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The other Dubai: defending the emirate’s last patch of pristine desert and its rare residents

Simon Calder’s Travel

Where dune meets sky, sketched in the sand like a hieroglyph, we find our first sign: the jagged ‘w’ of two talon prints.

These prints are fresh, and they justify our 5am start. By midday, the sand’s diary of crisscrossing tracks of nocturnal hunters like the pharaoh eagle owl have been erased by the remorseless wind. A species almost extinct in this region, the Dubai Desert Conservation Reserve (DDCR) has helped to reintroduce it. But to prove the owl’s presence – and the value of the reserve’s efforts – we need more than prints; we need evidence.

Silhouetted before me is Naswa, a cathedral of rock covered in crevices that could well shelter owl nests. “I’ll look into this one, you take the one on the left,” says Pete, who’s been on this expedition three times before, gesturing to two gaping crags. Like bathers dipping toes into boiling bathwater, we test each step – duly sending showers of stones down the mountainside.

Within minutes Pete has found a pellet: a thumb-sized clump of undigested bone and hair, regurgitated by an owl after breakfasting on a rodent or two. We record the coordinates on the GPS, and clamber around spires of stone, hot on the scent. Eventually the sunrise illuminates something even more special: a shapely feather, in the pharaoh eagle owl’s regal livery.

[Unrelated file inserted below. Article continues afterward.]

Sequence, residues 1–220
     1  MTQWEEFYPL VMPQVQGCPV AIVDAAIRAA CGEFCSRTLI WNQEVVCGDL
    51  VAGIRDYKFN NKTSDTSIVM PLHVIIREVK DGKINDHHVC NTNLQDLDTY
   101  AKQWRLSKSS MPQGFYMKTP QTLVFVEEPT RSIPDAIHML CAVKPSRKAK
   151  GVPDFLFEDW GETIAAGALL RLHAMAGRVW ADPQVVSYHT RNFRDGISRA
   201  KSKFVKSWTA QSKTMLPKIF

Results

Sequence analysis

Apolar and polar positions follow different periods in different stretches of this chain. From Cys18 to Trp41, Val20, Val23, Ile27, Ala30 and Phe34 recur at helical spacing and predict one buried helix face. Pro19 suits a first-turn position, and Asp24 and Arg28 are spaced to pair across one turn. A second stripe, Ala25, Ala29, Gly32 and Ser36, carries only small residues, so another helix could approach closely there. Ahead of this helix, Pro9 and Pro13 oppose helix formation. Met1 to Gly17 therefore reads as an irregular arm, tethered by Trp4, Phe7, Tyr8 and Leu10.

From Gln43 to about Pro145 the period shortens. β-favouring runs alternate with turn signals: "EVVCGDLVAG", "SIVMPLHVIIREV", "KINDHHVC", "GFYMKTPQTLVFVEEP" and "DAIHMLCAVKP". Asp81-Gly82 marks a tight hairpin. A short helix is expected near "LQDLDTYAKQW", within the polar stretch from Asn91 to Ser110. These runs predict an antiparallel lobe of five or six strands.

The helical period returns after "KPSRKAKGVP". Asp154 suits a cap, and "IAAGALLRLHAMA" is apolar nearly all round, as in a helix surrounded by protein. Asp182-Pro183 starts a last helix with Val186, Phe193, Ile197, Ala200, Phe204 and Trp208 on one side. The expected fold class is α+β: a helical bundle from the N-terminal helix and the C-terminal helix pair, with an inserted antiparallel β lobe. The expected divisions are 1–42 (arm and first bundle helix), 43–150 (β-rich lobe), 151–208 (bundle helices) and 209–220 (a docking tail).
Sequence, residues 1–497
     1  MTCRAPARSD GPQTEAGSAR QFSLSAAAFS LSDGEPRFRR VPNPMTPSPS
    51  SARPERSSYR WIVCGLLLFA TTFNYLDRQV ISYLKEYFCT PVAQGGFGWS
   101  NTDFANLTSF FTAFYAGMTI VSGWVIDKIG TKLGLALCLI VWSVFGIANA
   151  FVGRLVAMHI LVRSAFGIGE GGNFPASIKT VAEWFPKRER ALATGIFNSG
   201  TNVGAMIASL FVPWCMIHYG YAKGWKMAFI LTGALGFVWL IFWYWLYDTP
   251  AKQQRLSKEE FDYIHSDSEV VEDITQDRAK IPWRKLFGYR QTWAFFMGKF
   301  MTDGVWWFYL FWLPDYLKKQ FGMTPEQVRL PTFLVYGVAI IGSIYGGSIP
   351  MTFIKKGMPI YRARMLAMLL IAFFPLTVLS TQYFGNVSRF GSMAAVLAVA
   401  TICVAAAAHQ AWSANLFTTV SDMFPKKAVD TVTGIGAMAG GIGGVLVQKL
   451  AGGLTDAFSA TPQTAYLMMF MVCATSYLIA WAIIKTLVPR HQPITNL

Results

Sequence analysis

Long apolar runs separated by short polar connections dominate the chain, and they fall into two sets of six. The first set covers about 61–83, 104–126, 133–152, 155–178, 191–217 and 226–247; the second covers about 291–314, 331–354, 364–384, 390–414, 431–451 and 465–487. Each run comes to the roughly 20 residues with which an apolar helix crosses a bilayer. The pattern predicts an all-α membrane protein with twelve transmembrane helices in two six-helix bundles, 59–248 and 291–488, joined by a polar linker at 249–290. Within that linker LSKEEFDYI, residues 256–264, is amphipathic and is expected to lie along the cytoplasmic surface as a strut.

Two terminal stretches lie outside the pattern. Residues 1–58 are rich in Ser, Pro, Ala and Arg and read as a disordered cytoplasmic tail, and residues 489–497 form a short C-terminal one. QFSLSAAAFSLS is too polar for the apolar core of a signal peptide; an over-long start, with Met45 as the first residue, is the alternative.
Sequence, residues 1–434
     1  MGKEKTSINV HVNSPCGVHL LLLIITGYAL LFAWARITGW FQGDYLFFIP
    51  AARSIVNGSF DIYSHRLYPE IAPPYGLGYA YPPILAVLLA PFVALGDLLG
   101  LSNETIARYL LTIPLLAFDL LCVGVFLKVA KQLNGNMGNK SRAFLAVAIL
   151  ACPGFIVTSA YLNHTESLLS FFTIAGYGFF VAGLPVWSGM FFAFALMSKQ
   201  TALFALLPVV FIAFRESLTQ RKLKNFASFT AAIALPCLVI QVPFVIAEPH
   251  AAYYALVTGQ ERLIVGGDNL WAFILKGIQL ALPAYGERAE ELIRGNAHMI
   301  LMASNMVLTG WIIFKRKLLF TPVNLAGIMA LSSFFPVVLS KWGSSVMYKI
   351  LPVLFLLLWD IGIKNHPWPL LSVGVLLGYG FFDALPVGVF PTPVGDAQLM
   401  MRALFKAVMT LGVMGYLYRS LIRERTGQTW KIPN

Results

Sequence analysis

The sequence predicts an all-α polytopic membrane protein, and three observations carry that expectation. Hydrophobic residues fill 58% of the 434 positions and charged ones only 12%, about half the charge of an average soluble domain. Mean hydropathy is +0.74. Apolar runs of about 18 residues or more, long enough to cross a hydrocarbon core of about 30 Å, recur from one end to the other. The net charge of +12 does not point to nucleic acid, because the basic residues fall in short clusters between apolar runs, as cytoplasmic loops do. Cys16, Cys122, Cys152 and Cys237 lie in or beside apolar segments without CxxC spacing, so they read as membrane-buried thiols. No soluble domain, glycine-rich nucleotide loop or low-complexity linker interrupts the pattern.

The Dubai Desert Conservation Reserve is a pristine patch of wilderness just outside the metropolis

(Chris Zacharia)

“This is why the data you guys collect is so important,” says Basil Roy, one of the reserve’s conservation officers, as he examines the feather back at the DDCR office. “Dubai is coming closer. There’s only so much coastline to build on. And then…”. We all know what comes next.

For the DDCR, the approaching wave of highways, concrete and tourist traps isn’t just an eyesore. It’s an existential threat. A haven for wildlife and a beacon for biodiversity, the reserve is one of the most successful conservation projects in the Middle East – representing five per cent of Dubai’s total territory. Yet with the Emirati economy booming, every square metre of territory is a potential Ferrari World or Barbie Land. After all, it’s only desert, right?

“Overcoming the myth that the desert is empty is one of our biggest hurdles,” says Roy. “We have to prove that there is something worth protecting…

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